On a moonlit night, scientists and volunteers roam the sheltered beach in Delaware Bay to observe the horseshoe crabs, or “horseshoe crabs,” that spawn by the millions along the U.S. East Coast from late spring to early summer.
The group walks to the shore, places a measuring frame on the sand to count horseshoe crabs, leveling out those that have been washed over by the tide.
With their helmet-like shells, spike-like tails, and five pairs of legs connected to their mouths, these horseshoe crabs are not immediately appealing.
But these strange marine animals are vital to vaccine safety: their bright blue blood, which clots in the presence of harmful bacterial compounds called endotoxins, has been essential for testing the safety of biomedical products since the 1970s, when rabbit tests were introduced. abandoned.
Besides being harmless to humans, “they’re really easy to love once you understand them,” Laurel Sullivan, who works in Delaware, told AFP. these are invertebrates.
For 450 million years, these creatures from another era roamed the planet’s oceans, watching as dinosaurs appeared and died out, and the first fish turned into land animals and then into humans.
Horseshoe crabs, or Limulidae, on a beach near Dover, Delaware, June 17, 2022 / AFP
Today, however, these “living fossils” are listed as vulnerable species in the Americas and endangered in Asia due to habitat loss, overharvesting for food or bait, and their use in the pharmaceutical industry, a sector that is experiencing significant growth, especially after the Covid-19 pandemic.
– An important role-
The term “crab” is not quite suitable for these animals, which are more like spiders and scorpions and consist of four subspecies: one lives on the Atlantic coast of North America and in the Gulf of Mexico, and the other three in Southeast Asia.
Black-headed gulls feed on horseshoe crab eggs on the beach in Ocean View, Delaware, June 16, 2022. / AFP
Horseshoe crabs, also called Moluccan crabs, have 10 eyes and feed by crushing food, worms and molluscs, between their legs before bringing it to their mouths.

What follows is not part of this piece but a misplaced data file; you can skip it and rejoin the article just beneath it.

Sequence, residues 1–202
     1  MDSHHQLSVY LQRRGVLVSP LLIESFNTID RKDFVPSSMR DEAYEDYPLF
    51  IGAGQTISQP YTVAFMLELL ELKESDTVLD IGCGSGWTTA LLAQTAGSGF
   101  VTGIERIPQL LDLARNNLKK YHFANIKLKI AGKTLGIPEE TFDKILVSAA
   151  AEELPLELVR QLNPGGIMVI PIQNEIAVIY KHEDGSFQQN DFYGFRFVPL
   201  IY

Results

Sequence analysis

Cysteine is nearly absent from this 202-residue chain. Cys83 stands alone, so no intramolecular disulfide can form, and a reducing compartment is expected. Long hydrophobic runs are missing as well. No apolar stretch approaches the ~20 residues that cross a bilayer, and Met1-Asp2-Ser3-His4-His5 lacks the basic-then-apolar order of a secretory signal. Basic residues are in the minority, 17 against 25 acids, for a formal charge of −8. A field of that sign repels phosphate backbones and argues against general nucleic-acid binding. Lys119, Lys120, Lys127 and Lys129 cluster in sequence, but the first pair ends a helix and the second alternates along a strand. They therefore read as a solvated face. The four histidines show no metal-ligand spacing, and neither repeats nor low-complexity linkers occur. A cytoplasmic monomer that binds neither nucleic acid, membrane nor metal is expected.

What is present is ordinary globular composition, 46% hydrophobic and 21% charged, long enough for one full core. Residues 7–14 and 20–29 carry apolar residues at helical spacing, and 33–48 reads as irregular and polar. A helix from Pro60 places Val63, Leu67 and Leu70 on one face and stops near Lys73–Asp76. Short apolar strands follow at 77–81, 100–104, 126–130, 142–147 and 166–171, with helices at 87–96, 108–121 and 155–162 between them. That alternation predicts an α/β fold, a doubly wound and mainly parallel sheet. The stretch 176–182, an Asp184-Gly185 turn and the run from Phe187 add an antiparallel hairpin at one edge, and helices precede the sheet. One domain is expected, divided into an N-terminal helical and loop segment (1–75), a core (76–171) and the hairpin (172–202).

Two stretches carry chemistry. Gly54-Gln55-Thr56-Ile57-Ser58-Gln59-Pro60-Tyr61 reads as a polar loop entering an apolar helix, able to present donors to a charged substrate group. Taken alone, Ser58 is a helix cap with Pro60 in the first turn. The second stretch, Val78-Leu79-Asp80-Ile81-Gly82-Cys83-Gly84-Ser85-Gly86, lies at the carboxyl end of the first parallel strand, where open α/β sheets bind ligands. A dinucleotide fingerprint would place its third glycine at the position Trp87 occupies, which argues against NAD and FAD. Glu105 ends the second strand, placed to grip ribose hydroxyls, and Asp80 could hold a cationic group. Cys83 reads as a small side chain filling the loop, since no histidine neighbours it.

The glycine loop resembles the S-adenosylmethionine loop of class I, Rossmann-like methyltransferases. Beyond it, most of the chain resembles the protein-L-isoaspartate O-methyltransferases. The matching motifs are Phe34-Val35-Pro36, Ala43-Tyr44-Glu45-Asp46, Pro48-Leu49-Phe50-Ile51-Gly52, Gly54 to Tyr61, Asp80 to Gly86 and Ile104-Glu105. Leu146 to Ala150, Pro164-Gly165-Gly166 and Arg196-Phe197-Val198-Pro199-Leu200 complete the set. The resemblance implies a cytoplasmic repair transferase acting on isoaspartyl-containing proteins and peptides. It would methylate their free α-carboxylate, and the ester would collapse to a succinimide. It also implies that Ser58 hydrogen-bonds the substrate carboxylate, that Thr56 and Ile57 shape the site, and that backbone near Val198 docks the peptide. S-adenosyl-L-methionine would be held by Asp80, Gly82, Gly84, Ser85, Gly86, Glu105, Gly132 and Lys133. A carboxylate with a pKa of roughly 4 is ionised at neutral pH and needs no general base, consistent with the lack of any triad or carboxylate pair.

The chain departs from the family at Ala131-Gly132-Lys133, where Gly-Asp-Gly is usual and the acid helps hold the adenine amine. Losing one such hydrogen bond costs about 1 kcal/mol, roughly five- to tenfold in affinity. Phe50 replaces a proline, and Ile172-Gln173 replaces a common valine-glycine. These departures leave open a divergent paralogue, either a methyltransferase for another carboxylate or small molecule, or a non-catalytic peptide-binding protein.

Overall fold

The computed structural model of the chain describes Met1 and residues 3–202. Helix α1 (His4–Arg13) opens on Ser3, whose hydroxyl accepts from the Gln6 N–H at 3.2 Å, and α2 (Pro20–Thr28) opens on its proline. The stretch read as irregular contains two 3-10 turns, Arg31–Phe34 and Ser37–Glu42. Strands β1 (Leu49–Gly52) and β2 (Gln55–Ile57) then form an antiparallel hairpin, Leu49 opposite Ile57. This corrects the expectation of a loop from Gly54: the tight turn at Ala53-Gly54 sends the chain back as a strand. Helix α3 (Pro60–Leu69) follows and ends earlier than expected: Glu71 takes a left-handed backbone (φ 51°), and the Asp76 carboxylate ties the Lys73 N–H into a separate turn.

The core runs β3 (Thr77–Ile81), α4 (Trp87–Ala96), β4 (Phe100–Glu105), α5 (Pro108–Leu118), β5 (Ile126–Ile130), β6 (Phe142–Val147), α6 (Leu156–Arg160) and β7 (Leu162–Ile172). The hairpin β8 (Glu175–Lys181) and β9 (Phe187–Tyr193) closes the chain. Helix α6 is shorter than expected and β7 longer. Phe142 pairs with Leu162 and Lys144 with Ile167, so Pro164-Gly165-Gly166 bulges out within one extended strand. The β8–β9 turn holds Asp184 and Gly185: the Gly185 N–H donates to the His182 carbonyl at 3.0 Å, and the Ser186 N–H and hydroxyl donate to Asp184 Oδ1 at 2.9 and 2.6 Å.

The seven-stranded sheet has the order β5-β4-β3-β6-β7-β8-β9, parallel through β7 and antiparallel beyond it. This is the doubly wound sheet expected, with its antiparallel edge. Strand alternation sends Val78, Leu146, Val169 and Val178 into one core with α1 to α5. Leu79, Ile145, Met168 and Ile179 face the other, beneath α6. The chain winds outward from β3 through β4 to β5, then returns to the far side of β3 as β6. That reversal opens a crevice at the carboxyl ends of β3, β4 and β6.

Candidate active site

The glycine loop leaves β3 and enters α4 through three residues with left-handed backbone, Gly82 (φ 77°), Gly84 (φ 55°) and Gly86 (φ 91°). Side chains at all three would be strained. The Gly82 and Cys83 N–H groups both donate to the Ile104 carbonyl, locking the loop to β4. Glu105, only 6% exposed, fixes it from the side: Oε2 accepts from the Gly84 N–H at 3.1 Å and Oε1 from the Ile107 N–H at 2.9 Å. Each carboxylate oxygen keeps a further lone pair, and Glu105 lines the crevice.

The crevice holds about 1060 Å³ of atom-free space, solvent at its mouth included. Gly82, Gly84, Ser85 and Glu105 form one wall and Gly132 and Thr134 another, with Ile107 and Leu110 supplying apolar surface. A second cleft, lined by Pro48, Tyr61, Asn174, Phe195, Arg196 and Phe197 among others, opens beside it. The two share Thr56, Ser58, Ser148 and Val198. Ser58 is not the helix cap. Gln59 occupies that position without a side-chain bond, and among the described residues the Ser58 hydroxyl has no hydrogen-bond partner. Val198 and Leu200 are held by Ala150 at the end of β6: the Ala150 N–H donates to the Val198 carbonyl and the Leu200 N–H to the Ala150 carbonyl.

Males are much smaller than females, which are collected in groups of up to 15 individuals during reproduction.
To reproduce, males spray their sperm onto clusters of 5,000 golf ball-sized eggs that they lay on the sand.
These eggs, tiny green balls, are also an important food source for migratory birds, including the endangered red knot.
Nivette Perez-Perez, a scientist with the Delaware Inland Bay Center, shows the anatomy of a female horseshoe crab on June 16, 2022 in Ocean View, Delaware/AFP
Nivette Perez-Perez, a scientist with the Center for Delaware Inland Bays, points to a large swath of eggs that runs along much of the beach at James Farm Ecological Reserve, which is flocked by black-headed gulls with bright orange beaks. hurry to feast.
Like other residents of the region, Ms. Perez-Perez succumbed to the charm of horseshoe crabs. “You’re so cute,” she says to the woman she picks up to show off her anatomical features.
– Bring them back –
Horseshoe crab / AFP
Paddling is a dangerous activity for horseshoe crabs, as it is on the shore that they are most vulnerable: during the tide, some end up on their backs, and although their long, stiff tails help them stand up, not all are so lucky. About 10% of the population die each year, their bellies baked by the sun.
In 1998, Glenn Ghowry, founder of the Environmental Research and Development Group, took part in a campaign called “Just Turn Them Over”, encouraging the public to help the crabs that are still alive.
“Winning hearts is the most important thing,” he told AFP on Delaware Bay’s Pickering Beach, wearing a cap with his slogan and horseshoe badges on his head.
“If we can’t get people to care about these animals and feel close to them, they probably won’t want to pass legislation to protect them,” he explains.
Christy Liske, left, Wyatt Mosiman and Matthew Oswald study horseshoe crabs on a beach near Dover, Delaware, June 17, 2022/AFP
Approximately 500,000 horseshoe crabs are harvested each year for the pharmaceutical industry. Their blood is fed into a chemical called Limulus Amebocyte Lysate, which identifies the type of bacteria that can contaminate drugs, needles and devices such as hip replacements.
This process leads to the death of about 15% of horseshoe crabs, and those that survive are released back into the sea.
A new synthetic process, called recombinant factor C, is promising but still needs to be regulated.
Horseshoe crabs are “a finite resource with potentially infinite demand, and the two things are mutually exclusive,” says Allen Burgenson of Swiss biotech company Lonza, which is conducting the new test.